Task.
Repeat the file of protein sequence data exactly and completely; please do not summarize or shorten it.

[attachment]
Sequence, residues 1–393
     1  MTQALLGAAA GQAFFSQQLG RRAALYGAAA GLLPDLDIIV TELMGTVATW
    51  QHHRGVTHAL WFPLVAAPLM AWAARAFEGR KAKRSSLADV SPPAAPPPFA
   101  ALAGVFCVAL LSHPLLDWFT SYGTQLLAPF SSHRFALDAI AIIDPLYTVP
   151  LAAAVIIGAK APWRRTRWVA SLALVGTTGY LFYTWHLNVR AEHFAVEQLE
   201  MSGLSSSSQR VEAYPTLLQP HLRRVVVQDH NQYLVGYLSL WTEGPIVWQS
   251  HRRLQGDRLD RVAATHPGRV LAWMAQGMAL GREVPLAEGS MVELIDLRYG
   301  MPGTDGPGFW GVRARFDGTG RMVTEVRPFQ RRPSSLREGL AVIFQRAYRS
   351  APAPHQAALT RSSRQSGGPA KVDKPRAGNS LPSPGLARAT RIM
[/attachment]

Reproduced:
Sequence, residues 1–393
     1  MTQALLGAAA GQAFFSQQLG RRAALYGAAA GLLPDLDIIV TELMGTVATW
    51  QHHRGVTHAL WFPLVAAPLM AWAARAFEGR KAKRSSLADV SPPAAPPPFA
   101  ALAGVFCVAL LSHPLLDWFT SYGTQLLAPF SSHRFALDAI AIIDPLYTVP
   151  LAAAVIIGAK APWRRTRWVA SLALVGTTGY LFYTWHLNVR AEHFAVEQLE
   201  MSGLSSSSQR VEAYPTLLQP HLRRVVVQDH NQYLVGYLSL WTEGPIVWQS
   251  HRRLQGDRLD RVAATHPGRV LAWMAQGMAL GREVPLAEGS MVELIDLRYG
   301  MPGTDGPGFW GVRARFDGTG RMVTEVRPFQ RRPSSLREGL AVIFQRAYRS
   351  APAPHQAALT RSSRQSGGPA KVDKPRAGNS LPSPGLARAT RIM